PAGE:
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Self-Toning Papers 545

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SELF-TONING PAPERS 545. Types of Self-toning Papers. The addi tion to the emulsion of the gold salts necessary for toning prints on print-out paper was sug gested before 1860, but it was not until 1896 that P. E. Schocnfelder and E. Kehle worked out a commercial process. For some years past a certain number of self-toning or auto-toning papers have been prepared which, instead of gold, have salts of selenium or tellurium in the emulsion.

Emulsions for self-toning papers are made with gelatine or collodion, and correspond to gelatine and collodion print-out papers respec tively. Gelatine papers arc generally preferred for glossy prints and collodion papers for matt prints.

The extreme simplicity in the handling of these papers and the permanence of the prints when the treatment has been correct have made these papers very popular with amateurs who do their own printing. So simple, indeed, is the manipulation that there is a tendency to take liberties, and so to depreciate the quality and permanence of the prints.

546. Working Methods. Self-toning papers should be used only with vigorous 1 negatives. The final tone of the image largely depends on the qualities of the negative ; within certain limits, the more vigorous the negative, the richer the colour of the print.

Self-toning papers may be placed in the fixing bath without any washing or other preliminary treatment. Most of them can be treated with a solution of sodium chloride (table salt) before fixing to give purplish tones. In both cases, the colour of the image depends essentially on the concentration of the bath, and on the volume of bath used for a given amount of paper. To ensure uniformity of colour when many prints of the same subject are being printed, they should not be treated one by one in the same solution; it is better to measure into a dish the amount of solution required for all the prints, and then to introduce them rapidly one by one into the bath for simultaneous treatment. The prints must be kept in move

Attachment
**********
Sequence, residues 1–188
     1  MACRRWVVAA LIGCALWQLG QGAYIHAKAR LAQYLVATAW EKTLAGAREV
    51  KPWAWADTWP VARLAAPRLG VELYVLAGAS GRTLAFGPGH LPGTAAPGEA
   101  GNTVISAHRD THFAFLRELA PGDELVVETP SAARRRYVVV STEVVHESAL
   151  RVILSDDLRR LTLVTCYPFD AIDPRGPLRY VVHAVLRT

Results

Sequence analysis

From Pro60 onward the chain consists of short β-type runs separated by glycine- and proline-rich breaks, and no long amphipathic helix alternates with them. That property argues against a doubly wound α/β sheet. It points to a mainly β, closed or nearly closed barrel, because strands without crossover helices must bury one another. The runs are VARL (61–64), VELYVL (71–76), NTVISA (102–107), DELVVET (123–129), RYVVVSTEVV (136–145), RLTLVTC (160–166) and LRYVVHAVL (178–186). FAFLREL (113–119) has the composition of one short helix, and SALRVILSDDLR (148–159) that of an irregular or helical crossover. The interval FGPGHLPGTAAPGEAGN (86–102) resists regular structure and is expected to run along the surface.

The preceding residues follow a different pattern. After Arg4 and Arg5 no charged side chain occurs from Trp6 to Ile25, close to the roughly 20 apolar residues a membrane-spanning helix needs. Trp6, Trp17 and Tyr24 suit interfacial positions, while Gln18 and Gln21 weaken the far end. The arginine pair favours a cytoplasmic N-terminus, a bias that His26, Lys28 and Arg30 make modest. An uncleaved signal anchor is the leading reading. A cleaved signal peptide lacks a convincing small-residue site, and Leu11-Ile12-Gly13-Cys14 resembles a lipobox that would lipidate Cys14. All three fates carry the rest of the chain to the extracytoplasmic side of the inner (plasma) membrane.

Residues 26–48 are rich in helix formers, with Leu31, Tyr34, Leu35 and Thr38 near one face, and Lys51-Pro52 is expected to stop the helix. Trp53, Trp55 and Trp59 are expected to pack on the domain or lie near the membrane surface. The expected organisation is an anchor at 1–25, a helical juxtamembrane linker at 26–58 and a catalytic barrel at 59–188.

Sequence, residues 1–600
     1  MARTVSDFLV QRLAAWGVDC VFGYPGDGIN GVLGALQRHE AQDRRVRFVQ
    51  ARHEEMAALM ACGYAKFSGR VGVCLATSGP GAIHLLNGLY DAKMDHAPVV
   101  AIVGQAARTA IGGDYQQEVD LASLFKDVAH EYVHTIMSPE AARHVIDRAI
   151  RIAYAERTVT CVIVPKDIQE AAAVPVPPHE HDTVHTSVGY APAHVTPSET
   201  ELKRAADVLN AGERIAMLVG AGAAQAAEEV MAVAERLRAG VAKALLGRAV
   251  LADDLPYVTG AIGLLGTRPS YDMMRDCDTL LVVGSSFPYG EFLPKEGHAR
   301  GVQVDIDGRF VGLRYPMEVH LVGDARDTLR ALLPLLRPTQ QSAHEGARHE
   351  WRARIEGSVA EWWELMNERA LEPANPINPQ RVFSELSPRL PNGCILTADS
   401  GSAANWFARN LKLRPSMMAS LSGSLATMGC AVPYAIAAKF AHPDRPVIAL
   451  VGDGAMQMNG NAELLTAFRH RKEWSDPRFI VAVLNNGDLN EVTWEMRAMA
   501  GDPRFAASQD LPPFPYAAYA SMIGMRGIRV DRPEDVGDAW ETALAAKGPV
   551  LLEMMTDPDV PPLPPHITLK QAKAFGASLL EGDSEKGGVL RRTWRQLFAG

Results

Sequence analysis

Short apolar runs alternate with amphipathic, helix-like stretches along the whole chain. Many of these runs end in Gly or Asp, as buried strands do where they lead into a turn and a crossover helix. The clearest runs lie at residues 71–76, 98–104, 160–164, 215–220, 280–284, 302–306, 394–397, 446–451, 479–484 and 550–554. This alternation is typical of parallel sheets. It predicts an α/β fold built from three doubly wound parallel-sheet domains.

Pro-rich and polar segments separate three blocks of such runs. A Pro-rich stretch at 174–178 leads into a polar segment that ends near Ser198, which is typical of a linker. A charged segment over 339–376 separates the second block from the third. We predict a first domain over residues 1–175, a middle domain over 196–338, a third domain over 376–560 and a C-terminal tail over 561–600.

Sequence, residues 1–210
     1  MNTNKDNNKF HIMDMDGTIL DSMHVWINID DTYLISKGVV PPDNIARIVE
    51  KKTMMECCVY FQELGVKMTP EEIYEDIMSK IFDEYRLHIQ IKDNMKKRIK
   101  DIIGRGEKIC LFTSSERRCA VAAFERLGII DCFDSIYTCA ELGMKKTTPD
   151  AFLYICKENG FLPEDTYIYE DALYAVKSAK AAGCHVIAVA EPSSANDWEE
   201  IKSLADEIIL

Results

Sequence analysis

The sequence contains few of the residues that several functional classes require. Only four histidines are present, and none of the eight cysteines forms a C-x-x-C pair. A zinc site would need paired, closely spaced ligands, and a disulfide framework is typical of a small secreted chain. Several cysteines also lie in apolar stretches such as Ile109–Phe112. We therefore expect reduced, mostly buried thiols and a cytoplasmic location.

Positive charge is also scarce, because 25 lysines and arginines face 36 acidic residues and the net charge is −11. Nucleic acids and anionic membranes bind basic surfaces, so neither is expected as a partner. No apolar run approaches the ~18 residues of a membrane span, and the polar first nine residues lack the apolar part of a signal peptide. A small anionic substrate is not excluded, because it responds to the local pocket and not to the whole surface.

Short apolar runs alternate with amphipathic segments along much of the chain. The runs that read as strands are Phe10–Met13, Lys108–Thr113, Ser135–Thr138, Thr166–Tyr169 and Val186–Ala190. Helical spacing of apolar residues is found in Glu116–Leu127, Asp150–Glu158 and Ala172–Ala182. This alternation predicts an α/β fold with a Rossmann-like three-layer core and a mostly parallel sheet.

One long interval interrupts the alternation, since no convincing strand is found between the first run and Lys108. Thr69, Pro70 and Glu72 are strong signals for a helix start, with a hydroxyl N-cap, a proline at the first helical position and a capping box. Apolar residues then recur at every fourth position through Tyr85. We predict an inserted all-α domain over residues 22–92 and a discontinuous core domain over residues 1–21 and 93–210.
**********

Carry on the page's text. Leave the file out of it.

ment, a good method of doing this consists in continually transferring the print at the bottom of the heap to the top.

The usual strengths of baths arc 5 per cent of sodium chloride for the salt solution and from io to 20 per cent of sodium hyposulphite for the fixing bath. Acid or alum fixing solutions should on no account be used. The fixing bath should preferably be rendered alkaline by the addition of a pinch of bicarbonate of soda in accordance with the recommendation of most manufacturers.

Very cold baths should be avoided ; the best temperature is in the neighbourhood of 65° F. If the toning is done in the fixing bath, and if the temperature is too high, the strength should be reduced by addition of water to avoid the toning being too rapid for easy control.

The volume of bath generally recommended is from i to It oz. for a print 7 X 5 in. (from 30 to so c.c. for a print 13 x x8 cm.) (4 to 7 oz. per sq. ft., or 12 to 20 c.c. per sq. dm.). Used baths, which have practically no value, should not be used many times in succession, nor should fixing baths which have been used for other sensitive material ever be used for self-toning paper.

Where the above instructions are found to differ in any respect from the makers' instruc tions, the latter should, as a rule, be followed.

Some self-toning papers become discoloured between the times of their manufacture and use more readily than do other print-out papers, but the colouration disappears during fixing ; paper should not therefore be thrown away, owing to its appearance, until it has been tested.

After fixing, the prints should be washed under the conditions (§ 607) described for all other papers.